Iran could flood the market with millions of barrels of oil if Joe Biden becomes president, one of Wall Street's top analysts says


A Joe Biden victory in the White House this year could be negative for oil prices as he is likely to take a softer stance on Iran and lift sanctions paving the way for millions of barrels of Iranian crude to return to the market, one of Wall Street's top commodity analysts said.

Speaking to Business Insider, Helima Croft, head of commodity strategy at RBC Capital Markets, said: "One of the things you want to think about for oil in 2021 is who is in the White House?"

"If you have Joe Biden as president he could basically take the US back into the [Iranian] Nuclear deal and you could see a million plus Iranian barrels hit the market. These are the kind of things I think will be very important into the trajectory of oil into 2021," she added. 

Joe Biden is likely to bring the US back to the Iranian-nuclear deal 

The Iranian Nuclear Deal was agreed under the tenure of former US President Barack Obama in 2015 between Iran, US, UK, France, China, Russia and Germany.

The deal lifted Iranian sanctions in return for agreement that the country would limit its suspected nuclear activities. 

US President Donald Trump, a vocal critic of the deal, exited the agreement in 2018, though remaining allies remained committed to the deal.

Tensions flared up again between Tehran and Washington this year after the US ordered the killing of Iranian military commander Qassem Soleimani, prompting the Gulf nation to also withdraw from the nuclear agreement.

Croft says if Biden wins, he is unlikely to be as aggressive as Trump has been on Iran, and sees a high probability of the Iranian Nuclear Deal being renegotiated, opening up the Strait of Hormuz — a key waterway controlled by Iran — back to international oil markets. 

Biden is currently leading Trump comfortably in most polls.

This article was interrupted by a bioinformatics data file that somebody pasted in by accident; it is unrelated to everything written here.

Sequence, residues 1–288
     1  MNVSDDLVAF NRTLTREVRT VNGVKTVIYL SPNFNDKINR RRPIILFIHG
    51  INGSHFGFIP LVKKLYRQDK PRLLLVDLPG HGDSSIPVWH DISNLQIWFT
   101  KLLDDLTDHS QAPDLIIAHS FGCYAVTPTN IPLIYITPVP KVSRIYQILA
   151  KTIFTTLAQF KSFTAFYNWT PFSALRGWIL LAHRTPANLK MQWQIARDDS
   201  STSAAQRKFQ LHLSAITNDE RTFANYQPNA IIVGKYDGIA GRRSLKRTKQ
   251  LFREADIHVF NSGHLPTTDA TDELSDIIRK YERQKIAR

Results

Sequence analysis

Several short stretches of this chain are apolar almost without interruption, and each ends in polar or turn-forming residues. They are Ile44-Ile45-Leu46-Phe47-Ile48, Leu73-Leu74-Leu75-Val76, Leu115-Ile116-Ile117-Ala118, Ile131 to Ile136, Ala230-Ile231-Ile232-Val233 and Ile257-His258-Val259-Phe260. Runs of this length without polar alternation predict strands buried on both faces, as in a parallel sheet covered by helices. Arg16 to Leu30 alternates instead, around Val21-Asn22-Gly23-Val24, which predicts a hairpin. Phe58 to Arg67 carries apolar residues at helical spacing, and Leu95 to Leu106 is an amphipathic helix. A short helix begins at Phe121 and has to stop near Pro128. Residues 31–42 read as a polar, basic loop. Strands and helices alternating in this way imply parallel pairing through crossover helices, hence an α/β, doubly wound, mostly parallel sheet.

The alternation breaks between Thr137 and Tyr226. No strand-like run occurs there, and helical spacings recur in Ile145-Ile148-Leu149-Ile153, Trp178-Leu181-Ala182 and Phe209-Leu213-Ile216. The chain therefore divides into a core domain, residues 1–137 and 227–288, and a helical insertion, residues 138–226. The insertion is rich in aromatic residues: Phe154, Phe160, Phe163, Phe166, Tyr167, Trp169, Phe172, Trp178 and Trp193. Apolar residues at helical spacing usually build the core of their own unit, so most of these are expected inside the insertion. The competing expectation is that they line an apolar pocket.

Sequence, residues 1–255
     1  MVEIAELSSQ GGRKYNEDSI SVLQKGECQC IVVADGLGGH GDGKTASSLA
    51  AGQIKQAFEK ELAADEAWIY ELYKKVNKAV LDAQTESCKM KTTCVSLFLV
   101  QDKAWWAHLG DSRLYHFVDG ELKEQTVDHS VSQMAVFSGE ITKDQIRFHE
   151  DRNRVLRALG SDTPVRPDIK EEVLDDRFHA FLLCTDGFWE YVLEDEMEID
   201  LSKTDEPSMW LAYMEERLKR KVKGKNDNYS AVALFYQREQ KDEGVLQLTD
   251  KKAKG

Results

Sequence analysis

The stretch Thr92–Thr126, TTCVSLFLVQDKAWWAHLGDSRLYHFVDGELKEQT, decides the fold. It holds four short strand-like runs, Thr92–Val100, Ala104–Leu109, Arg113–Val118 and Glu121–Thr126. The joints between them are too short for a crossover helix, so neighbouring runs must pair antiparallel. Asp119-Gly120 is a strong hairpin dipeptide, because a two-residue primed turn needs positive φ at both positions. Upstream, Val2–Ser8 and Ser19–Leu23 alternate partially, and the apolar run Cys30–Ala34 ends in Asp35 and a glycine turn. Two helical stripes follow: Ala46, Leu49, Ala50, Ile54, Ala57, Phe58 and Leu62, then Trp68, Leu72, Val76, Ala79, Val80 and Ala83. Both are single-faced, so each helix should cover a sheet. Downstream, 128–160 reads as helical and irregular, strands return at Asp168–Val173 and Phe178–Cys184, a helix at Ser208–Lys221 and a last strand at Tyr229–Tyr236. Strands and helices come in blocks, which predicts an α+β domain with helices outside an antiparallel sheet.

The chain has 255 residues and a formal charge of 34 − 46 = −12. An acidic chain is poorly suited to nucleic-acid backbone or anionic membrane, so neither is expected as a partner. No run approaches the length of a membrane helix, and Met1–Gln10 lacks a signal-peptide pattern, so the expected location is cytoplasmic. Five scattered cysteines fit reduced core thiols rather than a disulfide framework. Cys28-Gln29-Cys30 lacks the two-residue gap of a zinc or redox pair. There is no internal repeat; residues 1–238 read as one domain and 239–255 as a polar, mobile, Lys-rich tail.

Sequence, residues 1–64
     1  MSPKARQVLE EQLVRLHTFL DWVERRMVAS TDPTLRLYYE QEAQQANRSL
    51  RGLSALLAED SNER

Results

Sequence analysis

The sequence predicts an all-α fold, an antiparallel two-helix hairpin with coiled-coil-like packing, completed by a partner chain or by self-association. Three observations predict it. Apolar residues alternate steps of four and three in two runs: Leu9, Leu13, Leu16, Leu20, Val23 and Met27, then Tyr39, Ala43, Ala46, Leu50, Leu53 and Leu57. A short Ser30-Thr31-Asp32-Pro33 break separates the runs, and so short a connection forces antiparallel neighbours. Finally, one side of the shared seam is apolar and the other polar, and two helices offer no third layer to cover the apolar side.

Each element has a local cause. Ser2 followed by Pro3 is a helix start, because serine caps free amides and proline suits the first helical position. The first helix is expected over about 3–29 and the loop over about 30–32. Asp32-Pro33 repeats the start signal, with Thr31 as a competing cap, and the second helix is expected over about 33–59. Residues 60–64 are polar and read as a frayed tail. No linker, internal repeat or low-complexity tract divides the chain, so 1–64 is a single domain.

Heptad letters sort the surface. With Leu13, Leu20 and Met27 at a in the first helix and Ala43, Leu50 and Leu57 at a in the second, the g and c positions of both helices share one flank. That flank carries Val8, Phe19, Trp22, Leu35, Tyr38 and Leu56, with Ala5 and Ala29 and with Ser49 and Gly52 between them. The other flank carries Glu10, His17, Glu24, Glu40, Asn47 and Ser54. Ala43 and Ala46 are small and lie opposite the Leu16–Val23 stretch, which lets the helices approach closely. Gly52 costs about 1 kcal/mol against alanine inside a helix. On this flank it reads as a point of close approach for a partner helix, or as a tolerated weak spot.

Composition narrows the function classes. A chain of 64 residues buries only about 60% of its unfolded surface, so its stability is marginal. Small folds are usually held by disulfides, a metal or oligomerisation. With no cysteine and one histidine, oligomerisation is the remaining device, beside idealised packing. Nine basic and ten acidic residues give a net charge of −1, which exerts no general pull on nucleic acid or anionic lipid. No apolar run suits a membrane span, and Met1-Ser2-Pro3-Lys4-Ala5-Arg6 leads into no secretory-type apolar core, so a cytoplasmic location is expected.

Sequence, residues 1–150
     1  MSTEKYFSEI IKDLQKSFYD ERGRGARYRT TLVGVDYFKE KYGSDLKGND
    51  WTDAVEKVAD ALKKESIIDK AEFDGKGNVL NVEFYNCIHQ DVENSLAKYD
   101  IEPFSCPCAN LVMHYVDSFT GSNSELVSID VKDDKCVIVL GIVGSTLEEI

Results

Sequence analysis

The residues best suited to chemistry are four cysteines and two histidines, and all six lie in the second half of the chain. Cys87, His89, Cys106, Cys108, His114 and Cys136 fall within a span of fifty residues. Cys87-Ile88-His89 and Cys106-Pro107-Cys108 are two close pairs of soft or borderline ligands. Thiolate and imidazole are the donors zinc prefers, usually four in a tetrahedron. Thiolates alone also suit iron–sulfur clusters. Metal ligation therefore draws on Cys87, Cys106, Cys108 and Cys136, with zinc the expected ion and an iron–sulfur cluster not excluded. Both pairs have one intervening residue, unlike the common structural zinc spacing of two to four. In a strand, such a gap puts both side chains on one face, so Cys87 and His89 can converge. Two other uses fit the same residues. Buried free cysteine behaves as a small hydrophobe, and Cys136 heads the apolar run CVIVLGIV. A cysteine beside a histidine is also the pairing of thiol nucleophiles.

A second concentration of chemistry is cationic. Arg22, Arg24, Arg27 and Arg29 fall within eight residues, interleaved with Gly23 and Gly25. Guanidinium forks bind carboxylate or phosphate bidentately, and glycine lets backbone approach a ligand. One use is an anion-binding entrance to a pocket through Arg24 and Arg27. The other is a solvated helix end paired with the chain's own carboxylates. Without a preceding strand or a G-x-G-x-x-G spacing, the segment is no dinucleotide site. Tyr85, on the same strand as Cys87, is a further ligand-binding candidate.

Democratic presidential candidate former Vice President Joe Biden speaks at McGregor Industries in Dunmore, Pa., Thursday, July 9, 2020. (AP Photo/Matt Slocum)
Democratic presidential candidate former Vice President Joe Biden speaks at McGregor Industries in Dunmore, Pa., Thursday, July 9, 2020. (AP Photo/Matt Slocum)
Associated Press

Croft pointed it out there may be a time lag before the Iran oil hits the market though. The Iranians would have to make a serious show stopping their breaches as a nuclear deal, she said. 

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"But if we are talking about a recovery into the $50-60 a barrel next year, a million or even two million barrels of Iranian exports hitting the market is going to put a temporary lid on how high prices can go," Croft added. 

Both Brent crude, the international benchmark, and US WTI oil are currently trading in the low $40s per barrel.

Iran owns 13% of the world's global oil reserves and has a production capacity of more than 3 million barrels per day, roughly equivalent to 4% of total global production, according to US' Energy Information Administration(EIA). 

Both US oil and Brent, have been extremely volatile in 2020, partly due to lower demand during the pandemic and a price war between Saudi Arabia and Russia that began in March this year. 

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US oil prices even turned negative in April due to tanking demand and as the world ran out of place to store oil. Brent experienced a dramatic decline, falling to a two-decade low.

Prices staged a remarkable recovery in May and June as some economies began to ease lockdowns and an OPEC agreement in April to reduce supply by 9.7 million barrels a day in May and June kicked in.

Cuts were extended until July, although OPEC decided this week to ease the cuts in August and September. 

In the same interview with Business Insider, Croft warned that any easing by the OPEC may result in lower oil prices as it increases the likelihood that smaller players in the market could cheat the cuts and produce more oil than agreed.